I also get a bit squeamish describing The Heron Kings as fantasy too loudly, because although that’s definitely the section where you’d find it in a bookstore, other than being set in a fictional world there are no other fantasy elements: no magic, no dragons or elves or fairies, anything like that. I don’t want readers to expect something they’re not going to get, so the phrase I’ve settled on is “historically-inspired fantasy.” So perhaps there’s something in there to appeal to fans of historical fiction and spy thrillers.
While The Heron Kings is your first novel, you’ve also written some short stories. Are there any writers that had a big influence on The Heron Kings but not on anything else you’ve written?
I mentioned Sharon Kay Penman, and her ongoing historical saga about the Plantagenets and her Welsh trilogy were definitely an influence, particularly in interweaving great political events with the motivations and feelings of (sometimes seemingly unimportant) individuals. Also, Colleen McCullough’s Masters Of Rome series and pretty much all of Robert Graves’ fiction played a big part in shaping how The Heron Kings came about. I like to think I’ve taken little bits and pieces of those very different styles and blended them into a tale that has something to offer to fans of all of them. Other influences like Frank Herbert, Peter Beagle, and Joe Abercrombie cannot help but contribute to just about everything I’ve written.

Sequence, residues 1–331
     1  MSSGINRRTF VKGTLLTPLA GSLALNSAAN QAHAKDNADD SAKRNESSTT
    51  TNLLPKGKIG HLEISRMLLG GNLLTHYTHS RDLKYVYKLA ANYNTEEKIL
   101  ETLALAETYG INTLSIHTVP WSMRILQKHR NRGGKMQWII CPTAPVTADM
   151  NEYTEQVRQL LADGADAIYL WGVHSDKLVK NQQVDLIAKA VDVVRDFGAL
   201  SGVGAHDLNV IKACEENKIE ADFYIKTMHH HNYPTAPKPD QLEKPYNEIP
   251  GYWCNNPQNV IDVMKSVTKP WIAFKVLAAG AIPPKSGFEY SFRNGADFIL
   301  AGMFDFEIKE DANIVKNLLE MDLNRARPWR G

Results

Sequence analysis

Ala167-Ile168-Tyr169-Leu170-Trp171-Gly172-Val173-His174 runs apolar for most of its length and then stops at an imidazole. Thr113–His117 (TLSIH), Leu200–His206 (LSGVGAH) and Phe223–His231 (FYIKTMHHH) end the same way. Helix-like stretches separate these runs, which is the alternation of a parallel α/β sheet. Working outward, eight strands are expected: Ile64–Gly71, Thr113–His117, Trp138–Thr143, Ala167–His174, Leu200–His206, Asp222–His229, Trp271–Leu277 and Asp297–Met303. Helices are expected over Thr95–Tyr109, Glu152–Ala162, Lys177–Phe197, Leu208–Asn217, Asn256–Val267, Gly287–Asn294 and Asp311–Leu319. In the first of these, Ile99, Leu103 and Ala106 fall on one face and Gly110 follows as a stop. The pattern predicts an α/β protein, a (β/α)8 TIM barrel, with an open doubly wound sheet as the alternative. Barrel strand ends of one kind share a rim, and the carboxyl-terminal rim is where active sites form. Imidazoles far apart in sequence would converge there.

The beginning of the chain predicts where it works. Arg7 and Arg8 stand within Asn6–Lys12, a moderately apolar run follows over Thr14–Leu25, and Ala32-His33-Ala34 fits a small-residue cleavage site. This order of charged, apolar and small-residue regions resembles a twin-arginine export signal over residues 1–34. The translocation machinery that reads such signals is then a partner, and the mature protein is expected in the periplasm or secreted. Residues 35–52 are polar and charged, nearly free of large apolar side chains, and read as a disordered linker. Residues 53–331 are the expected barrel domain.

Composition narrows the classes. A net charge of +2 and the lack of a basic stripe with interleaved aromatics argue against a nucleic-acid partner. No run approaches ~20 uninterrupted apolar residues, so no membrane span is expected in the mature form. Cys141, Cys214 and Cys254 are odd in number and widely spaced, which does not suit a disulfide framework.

How about movies, TV shows, video games, or other non-literary influences; did any of those have a big impact on The Heron Kings?